This week on Facebook a lot of folks in Rochester, N.Y. (where I’m based) opened Facebook and there in their news feed was a post seemingly offering a "free $200 grocery coupon" (see image) to Wegmans supermarkets – the biggest and by-far-the-most-popular chain in the area. The posts were accompanied by poster’s comments such as “Wow” and “Can you believe this?”
|The widely shared scam post|
Well … no. There were a couple of clues right in the post that it was a scam.
- The URL (web address) at the bottom of the public post does not look like it belongs to Wegmans’s official page
- The English is fractured – typical in scams since they are often posted overseas by non-native English speakers
In this case a quick visit to Wegmans’ official Facebook page shows that this "offer" is not posted there and instead there’s a warning about the scam.
|The warning on the Wegmans Facebook page|
If you do click through to the offer (not recommended as this can be the way the scammers download malicious software onto your computer) there will be abundant evidence that this is a scam. For example: In the case of the Wegmans "offer" it was a digital counter counting down how many coupons supposedly remained. Every time the page refreshed it went back to 360 and started counting down again…
And, if you are a business that has been spoofed and your organization’s name associated with a scam you should quickly do two things:
- Post something on your own social accounts warning about the scam so people will find the information there.
- Contact the affected social networks and ask for the malicious scam material to be taken down and the poster banned.
Both of which Wegmans did very quickly after the coupon scam surfaced ….
So, in general what are the best ways anyone can avoid falling for a scam?
Top 5 Tips to Avoid a Social Media Scam
1. Does this news/post sound too good to be true? If it does it likely is. Headlines screaming unbelievably exciting or tragic news. Or offers of cash or goods that seem like they would make your life a lot better. Or words such as “Unbelievable,” “Shocking” and “Disturbing.” All are often related to an attempt to get your attention and get you to click.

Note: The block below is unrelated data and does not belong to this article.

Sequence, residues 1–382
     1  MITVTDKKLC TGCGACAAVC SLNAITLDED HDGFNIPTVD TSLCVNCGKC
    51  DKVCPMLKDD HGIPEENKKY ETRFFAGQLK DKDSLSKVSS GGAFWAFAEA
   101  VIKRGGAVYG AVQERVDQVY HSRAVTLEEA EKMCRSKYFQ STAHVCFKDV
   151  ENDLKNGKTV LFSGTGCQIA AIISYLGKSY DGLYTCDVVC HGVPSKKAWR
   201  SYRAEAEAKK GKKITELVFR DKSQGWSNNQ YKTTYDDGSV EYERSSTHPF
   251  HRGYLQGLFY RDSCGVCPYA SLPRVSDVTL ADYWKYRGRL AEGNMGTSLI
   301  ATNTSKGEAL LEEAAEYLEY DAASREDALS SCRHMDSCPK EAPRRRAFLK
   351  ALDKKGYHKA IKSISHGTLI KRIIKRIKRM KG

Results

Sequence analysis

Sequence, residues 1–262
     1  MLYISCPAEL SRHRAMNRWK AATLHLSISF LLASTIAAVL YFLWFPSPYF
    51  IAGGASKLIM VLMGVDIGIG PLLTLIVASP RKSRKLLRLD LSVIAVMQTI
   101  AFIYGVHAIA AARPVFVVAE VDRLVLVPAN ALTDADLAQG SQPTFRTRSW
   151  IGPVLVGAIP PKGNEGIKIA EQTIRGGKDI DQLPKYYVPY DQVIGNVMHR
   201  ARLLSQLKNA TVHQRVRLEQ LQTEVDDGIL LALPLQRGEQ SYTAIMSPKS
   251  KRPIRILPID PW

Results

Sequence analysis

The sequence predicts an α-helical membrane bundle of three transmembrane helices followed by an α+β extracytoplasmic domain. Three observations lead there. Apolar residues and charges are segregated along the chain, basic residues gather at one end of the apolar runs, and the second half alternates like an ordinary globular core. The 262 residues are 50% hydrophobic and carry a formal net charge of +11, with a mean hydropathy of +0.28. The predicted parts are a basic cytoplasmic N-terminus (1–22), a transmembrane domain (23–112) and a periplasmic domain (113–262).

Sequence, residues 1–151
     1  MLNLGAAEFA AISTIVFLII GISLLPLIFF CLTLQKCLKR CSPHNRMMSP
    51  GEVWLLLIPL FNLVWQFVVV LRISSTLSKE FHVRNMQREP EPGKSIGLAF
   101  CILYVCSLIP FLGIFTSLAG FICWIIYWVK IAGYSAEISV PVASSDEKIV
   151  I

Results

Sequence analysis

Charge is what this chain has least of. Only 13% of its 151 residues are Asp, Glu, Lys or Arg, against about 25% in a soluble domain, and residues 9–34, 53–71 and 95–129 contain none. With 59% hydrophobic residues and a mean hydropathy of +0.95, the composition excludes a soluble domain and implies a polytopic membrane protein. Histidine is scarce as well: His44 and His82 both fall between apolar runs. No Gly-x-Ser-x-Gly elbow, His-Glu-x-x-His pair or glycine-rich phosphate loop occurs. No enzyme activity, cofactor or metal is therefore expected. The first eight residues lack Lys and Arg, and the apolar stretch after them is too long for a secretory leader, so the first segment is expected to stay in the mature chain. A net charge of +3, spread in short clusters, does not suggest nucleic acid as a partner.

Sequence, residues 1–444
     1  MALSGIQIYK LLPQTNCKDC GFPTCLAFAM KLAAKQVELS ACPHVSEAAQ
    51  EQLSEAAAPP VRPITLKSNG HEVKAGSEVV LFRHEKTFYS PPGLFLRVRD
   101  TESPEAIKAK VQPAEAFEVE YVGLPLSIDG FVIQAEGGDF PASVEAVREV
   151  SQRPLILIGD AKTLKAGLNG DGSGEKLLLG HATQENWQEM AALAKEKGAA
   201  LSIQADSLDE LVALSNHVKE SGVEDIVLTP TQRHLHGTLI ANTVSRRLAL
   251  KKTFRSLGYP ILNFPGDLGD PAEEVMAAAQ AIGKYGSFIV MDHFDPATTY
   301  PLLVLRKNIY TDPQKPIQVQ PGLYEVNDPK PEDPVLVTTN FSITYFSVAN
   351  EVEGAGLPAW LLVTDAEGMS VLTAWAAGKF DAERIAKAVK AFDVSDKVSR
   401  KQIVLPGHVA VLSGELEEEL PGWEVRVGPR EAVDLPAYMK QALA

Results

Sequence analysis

As mentioned above, the first thing to do is seek verification by going to an official social network site to see if the post exists there. Or go to Snopes.com and enter a few key words from the item – Snopes is the best online debunker of fake news/information (and, in fact, had an item posted about the Wegmans coupon scam within a few hours). Even a general Google search might turn up warnings that something is a scam.
2. Think before acting: Typically scammers want to make you feel you have to act quickly. Nothing on social media is a matter of life or death. For example, those urgent appeals from a friend who lost their wallet overseas? Think about it: Why are they using Facebook or Twitter to reach out to all their friends?
3. Ask yourself: Is this a chain letter? The old chain letter used to ask people to forward a letter to a number of friends to bring good luck or cash. Today, by way of examples, the chain letter takes the form of "Tweet this image and Bill Gates will donate $100 to help premature babies" or "Share this post with your Facebook friends and Mark Zuckerberg will randomly pick 1,000 people to each receive $1 million in Facebook stock." These appeals almost always tap into a grain of truth, but would these very rich men really do what is proposed?
4. Watch for phishing attacks: You innocently click on a link you find on a Facebook or Twitter post and you are asked to log in using your Facebook or Twitter credentials – don’t. Yes there may be a legitimate reason some sites want you to do this, but before you do check out the URL of the page you are now on. Is it still a Facebook page or some other legitimate site? If not this site is wanting you to sign in so it can grab your credentials and hijack your account.
5. Be cautious of shortened URLs: Don’t blindly click on shortened URLs. You'll see them everywhere on Twitter, for example. But because they are shortened and consist of a garbled collection of characters you can’t tell where the link will take you. The best practice is only click on shortened links from social media posters you highly trust. This is not foolproof, but offers a degree of protection.
Hopefully these tips will spare some of you the grief of having been fooled by a scam or, worse, having your social media accounts compromised.